Wisconsin Senate evenly split after resignation, as lawmakers eye recall contests

After months of trying to unseat Republicans who helped Gov. Scott Walker push through his union overhaul, Wisconsin Democrats have achieved ... deadlock.

One of the Democrats' key targets in their recall election push, Republican Sen. Pam Galloway, stepped down from her post last weekend. The move leaves the Wisconsin state Senate evenly split -- with 16 Democrats, 16 Republicans.

For the near-term, the tie will not have much impact on state business. After their epic session ended this month, Wisconsin lawmakers are on break for the year.

Each party, though, is now looking to the upcoming recall elections, and the next round of voting in November, to shape the legislative landscape in one of the most tumultuous state capitals in the country.

Walker, the lieutenant governor and four state GOP senators, are expected to stand for election by June. While Wisconsin holds its presidential primary contest on April 3, political attentions are trained on those recall contests.

"I definitely think that we can maintain our majority," Galloway told FoxNews.com in an interview Friday.

Galloway, who was facing a tough Democratic recall challenge, cited "sudden and serious health issues" in her family in her decision last week to step down. She insists she would have won in the June recall election had she stayed in, and she voiced confidence in the party's ability to regain and retain the majority.

"Voters are really fatigued with this entire recall process," Galloway claimed, arguing that Walker's reforms are "working" and the private sector recognizes that. Wisconsin Republicans' overhaul, among other things, cracked down on collective bargaining for government workers.

Republican state Rep. Jerry Petrowski is now running for Galloway's seat, against Democratic Rep. Donna Seidel.

But Democrats have made gains since launching their push with union support to oust Walker's allies. Democrats came within two seats of taking back the majority in last summer's round of recalls.

Brad Wojciechowski, spokesman for the State Senate Democratic Committee, said the races will hang on "failed policies of the Republican leadership."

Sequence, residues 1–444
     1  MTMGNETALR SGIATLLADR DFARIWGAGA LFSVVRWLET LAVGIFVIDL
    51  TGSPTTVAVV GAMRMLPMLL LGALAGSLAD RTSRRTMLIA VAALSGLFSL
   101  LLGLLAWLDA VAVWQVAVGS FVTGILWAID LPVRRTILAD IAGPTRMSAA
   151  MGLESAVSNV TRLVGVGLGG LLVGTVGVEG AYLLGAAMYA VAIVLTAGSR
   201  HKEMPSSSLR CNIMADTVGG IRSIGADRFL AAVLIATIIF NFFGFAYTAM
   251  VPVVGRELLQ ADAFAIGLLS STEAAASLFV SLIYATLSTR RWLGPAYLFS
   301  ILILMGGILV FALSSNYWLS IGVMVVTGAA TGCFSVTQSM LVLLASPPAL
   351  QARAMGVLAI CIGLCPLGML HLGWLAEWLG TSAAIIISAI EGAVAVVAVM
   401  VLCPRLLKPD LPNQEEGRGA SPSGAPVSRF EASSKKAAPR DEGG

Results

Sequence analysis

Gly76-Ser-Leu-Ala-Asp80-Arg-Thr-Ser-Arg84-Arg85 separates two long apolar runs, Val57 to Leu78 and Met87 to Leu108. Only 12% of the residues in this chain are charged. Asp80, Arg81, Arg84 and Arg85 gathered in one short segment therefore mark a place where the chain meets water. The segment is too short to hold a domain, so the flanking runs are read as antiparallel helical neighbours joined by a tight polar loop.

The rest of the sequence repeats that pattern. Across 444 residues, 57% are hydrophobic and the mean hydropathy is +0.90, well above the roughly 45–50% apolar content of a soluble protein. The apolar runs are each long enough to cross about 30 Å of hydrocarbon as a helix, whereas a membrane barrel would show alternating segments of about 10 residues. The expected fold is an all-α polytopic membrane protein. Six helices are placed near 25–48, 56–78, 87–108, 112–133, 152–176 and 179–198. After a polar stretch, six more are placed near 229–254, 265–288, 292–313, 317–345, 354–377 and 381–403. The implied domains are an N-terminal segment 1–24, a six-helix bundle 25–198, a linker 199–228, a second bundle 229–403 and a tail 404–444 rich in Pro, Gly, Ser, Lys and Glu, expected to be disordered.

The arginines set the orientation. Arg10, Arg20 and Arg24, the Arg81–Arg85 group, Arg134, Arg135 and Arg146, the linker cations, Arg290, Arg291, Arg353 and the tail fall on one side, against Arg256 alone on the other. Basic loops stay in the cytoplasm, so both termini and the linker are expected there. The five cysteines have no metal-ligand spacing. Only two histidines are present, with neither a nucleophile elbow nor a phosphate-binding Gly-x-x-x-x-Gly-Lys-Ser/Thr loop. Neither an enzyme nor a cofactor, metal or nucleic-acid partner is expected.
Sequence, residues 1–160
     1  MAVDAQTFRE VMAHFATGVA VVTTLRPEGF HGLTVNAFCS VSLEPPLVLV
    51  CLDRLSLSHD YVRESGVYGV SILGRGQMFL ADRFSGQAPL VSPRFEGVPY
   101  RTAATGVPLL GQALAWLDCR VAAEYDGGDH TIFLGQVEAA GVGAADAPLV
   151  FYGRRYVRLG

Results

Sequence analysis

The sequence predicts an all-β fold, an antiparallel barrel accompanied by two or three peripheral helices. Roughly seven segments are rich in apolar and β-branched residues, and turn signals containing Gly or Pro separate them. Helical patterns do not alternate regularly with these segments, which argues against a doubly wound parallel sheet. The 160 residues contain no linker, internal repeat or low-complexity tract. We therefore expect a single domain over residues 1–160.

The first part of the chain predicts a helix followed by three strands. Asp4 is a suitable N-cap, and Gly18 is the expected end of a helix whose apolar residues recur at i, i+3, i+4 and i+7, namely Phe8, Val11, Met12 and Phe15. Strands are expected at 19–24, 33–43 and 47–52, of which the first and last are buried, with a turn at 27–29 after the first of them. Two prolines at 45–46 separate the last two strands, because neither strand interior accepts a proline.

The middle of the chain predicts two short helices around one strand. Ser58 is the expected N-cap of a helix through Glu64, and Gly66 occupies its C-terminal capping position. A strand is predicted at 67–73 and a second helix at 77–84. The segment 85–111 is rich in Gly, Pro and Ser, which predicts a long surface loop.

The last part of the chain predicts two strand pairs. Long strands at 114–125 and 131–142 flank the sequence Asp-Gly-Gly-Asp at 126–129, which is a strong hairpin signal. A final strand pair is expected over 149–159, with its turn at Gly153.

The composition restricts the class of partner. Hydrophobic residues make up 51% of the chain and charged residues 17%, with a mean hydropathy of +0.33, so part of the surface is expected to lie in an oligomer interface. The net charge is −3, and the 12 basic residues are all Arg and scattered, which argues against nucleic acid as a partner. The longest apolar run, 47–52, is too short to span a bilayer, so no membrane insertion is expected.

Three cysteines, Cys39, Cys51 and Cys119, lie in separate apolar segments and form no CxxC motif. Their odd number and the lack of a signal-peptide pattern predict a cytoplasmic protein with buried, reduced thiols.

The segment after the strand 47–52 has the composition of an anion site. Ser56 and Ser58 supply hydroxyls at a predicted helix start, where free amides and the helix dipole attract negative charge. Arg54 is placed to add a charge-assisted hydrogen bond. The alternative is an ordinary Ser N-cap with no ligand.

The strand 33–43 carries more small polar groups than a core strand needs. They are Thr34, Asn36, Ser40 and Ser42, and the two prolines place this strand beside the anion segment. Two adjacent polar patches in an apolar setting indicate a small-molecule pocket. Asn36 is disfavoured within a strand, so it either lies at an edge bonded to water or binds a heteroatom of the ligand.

He said it's unclear yet whether Democrats will have the opportunity to not just win back the Senate but start to undo Walker's agenda.

But he predicted that if Democrats take back the chamber in June, "we are confident we will hold the majority in November 2012."

"For the past year and couple months we haven't had any checks and balances in Wisconsin government. And now we'll be able to have those checks and balances," Wojciechowski said.

Democrats are still a long way from the wheels of power in Madison. The Republicans hold the House. To even start controlling the agenda, Democrats would have to claim the Senate majority in June, hold it in November and knock Walker out in the process.

David Avella, president of Republican recruiter GOPAC, described the recall push as a "waste," even if Democrats win in June.

"Nothing really will change other than Democrats will spend a whole lot of money on elections so that they can be in charge for four months (in the Senate)," he said. "The special elections will have more impact on the fall elections than they will on the legislative agenda in Wisconsin in 2012."

Avella said the outcome of the recall votes could either fuel or dampen Democratic enthusiasm going into November, on a national scale.

"Should the union bosses and liberal organizations be successful, they will use it to motivate their allies across the country," he said. "Should they fall short, it will be further proof that their agenda is out of touch with what Americans want."